Zimbabwe's noble biodiesel effort was doomed from the start

Jun 15, 2011

There is global excitement about the potential of various kinds of biodiesel as replacements for the fossil fuel kind. Chronic fuel shortages over several years of the last decade also made Zimbabwe jump on the biodiesel bandwagon, at least halfheartedly. But now a once much-hyped biodiesel project ed by the government looks on the brink of folding up, if it hasn't done so already. 

Excerpts from an article in The Standard of 12 June:

After almost five years of on-and-off operations, Zimbabwe’s giant biodiesel plant faces prolonged closure after the central bank pulled out of the project. Launched amid pomp and fanfare, the project was touted as the panacea to the country’s fuel crisis.

The Reserve Bank of Zimbabwe (RBZ) has already invited bids for its 50% shareholding in Transload (Pvt) Limited, a fuel manufacturing company that never made an impact despite its glamorous launch in 2007. But investment and economic analysts last week said no local investor would want to put money in such “a white elephant.”

The biodiesel plant is a joint venture between Zimbabwe and Yuon Woo Investments of South Korea. Government mooted the project when the country was experiencing a fuel crisis that President Robert Mugabe’s administration blamed on sanctions imposed on the country by the West.

Labour and Economic Development Research Institute of Zimbabwe (Ledriz) economist Nyasha Muchichwa said the environment was not ripe for local investors to put money into such a project.

Last year, (Transload Bio-diesel Company of Zimbabwe managing director Douglas Musiiwa ) told The Standard that the project needed US$650 000 capital injection to cover cost of seed, transportation and toll-crushing to extract cooking oil as well as salaries before resumption of any operations.

It is sad that the scepticism expressed here about this project in August 2007 was justified. The 'launching' of the project in November 2007 was also followed here, as was a follow up story a year later of how little biodiesel was coming out of the post-launch plant.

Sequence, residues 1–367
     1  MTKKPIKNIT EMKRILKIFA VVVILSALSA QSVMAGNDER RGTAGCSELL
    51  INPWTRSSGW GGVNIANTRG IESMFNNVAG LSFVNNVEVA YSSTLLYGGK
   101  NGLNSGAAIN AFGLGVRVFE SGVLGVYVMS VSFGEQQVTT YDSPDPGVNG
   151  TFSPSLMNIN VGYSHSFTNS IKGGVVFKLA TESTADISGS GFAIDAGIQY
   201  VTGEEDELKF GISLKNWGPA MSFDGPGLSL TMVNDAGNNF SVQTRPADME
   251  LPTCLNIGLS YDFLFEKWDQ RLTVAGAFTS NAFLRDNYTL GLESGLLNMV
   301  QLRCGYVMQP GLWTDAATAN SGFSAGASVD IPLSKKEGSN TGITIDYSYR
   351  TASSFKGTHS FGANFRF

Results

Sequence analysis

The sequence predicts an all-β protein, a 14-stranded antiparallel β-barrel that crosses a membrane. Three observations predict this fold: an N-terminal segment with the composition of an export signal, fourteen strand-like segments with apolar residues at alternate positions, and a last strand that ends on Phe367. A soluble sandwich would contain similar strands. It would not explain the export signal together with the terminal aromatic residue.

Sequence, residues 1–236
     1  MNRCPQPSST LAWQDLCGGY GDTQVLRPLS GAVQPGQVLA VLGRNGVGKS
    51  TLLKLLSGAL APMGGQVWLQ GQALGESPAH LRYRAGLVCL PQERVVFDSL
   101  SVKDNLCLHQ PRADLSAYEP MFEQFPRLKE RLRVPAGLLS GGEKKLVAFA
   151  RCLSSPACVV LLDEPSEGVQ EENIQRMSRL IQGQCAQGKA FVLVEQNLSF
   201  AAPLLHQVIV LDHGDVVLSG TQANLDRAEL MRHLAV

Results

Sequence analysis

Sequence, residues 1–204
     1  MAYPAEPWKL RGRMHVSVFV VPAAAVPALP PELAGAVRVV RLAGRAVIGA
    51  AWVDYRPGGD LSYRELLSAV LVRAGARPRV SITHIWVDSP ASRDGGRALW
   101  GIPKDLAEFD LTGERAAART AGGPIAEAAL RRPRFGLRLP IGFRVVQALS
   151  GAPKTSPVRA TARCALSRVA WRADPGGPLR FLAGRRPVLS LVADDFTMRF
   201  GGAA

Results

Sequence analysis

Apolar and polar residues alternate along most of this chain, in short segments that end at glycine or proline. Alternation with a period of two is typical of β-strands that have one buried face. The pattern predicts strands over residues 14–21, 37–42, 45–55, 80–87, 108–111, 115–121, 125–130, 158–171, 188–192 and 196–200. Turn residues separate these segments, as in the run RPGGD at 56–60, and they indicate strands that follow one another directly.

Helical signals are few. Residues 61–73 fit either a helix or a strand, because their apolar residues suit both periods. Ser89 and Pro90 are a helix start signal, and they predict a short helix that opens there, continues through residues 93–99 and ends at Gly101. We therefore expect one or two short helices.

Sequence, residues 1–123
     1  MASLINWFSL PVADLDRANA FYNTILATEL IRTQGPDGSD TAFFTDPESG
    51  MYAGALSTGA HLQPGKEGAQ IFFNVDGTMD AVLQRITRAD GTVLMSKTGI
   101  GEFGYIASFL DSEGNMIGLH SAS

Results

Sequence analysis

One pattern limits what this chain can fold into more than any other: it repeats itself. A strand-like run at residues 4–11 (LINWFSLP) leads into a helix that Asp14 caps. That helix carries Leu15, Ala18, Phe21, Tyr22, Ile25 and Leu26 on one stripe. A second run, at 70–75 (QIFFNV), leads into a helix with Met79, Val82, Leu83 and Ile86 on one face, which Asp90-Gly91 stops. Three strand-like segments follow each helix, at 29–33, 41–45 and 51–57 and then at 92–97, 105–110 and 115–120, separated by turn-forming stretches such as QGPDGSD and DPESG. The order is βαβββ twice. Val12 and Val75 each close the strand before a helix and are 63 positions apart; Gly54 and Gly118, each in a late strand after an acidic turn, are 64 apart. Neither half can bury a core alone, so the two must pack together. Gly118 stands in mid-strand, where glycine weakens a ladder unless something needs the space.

The Standard then gets commentary on this latest saga from a number of economists, one of whom seemed to be oblivious of the uses of the fuel, saying, 'there is no market for the biodiesel fuel.'

Biodiesel on an industrial scale may be a relatively new concept, with a lot of the bugs needing to be yet worked out, but it is here to stay. The idea of investing in biofuel was a good one for Zimbabwe, but little attention was paid to producing enough of the crops from which to extract the biodiesel, a fatal error from the start. All the other problems the economy experienced between about 2007 and 2009 only compounded that basic error for the project. There is also the issue that when world oil prices are considered low and stable, biodiesel looks less attractive.      

Investment in alternative fuels makes sense for oil-less countries like Zimbabwe, even if for the long term rather than for the immediate or short term. The country once had a successful sugarcane-ethanol project for mixing with petrol, and a new ethanol-generation project is reportedly nearing completion. A well-planned biodiesel effort would have one of several ways for the country to decrease its absolute dependence on imported fuel.

The idea of biodiesel will not die with the failure of this initiative. It will be revived in future by other people and in very different times. Unfortunately it will be one more example of the country making three steps back before making one step forward


Post a Comment